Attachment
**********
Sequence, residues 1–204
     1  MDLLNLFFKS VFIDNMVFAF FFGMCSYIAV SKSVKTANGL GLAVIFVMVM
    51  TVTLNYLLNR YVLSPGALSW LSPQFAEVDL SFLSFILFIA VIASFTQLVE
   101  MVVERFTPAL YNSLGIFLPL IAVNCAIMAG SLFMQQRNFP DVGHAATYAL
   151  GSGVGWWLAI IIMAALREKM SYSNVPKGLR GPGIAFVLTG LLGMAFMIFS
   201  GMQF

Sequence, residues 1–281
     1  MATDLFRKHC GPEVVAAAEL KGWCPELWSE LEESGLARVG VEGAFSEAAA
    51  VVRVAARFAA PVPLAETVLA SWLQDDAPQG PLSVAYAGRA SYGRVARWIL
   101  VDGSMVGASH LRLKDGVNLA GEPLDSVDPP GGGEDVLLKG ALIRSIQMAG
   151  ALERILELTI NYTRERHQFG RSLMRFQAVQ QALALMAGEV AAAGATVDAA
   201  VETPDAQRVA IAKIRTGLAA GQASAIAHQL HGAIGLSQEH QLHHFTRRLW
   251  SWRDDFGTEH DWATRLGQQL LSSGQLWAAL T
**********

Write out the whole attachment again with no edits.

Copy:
Sequence, residues 1–204
     1  MDLLNLFFKS VFIDNMVFAF FFGMCSYIAV SKSVKTANGL GLAVIFVMVM
    51  TVTLNYLLNR YVLSPGALSW LSPQFAEVDL SFLSFILFIA VIASFTQLVE
   101  MVVERFTPAL YNSLGIFLPL IAVNCAIMAG SLFMQQRNFP DVGHAATYAL
   151  GSGVGWWLAI IIMAALREKM SYSNVPKGLR GPGIAFVLTG LLGMAFMIFS
   201  GMQF

Sequence, residues 1–281
     1  MATDLFRKHC GPEVVAAAEL KGWCPELWSE LEESGLARVG VEGAFSEAAA
    51  VVRVAARFAA PVPLAETVLA SWLQDDAPQG PLSVAYAGRA SYGRVARWIL
   101  VDGSMVGASH LRLKDGVNLA GEPLDSVDPP GGGEDVLLKG ALIRSIQMAG
   151  ALERILELTI NYTRERHQFG RSLMRFQAVQ QALALMAGEV AAAGATVDAA
   201  VETPDAQRVA IAKIRTGLAA GQASAIAHQL HGAIGLSQEH QLHHFTRRLW
   251  SWRDDFGTEH DWATRLGQQL LSSGQLWAAL T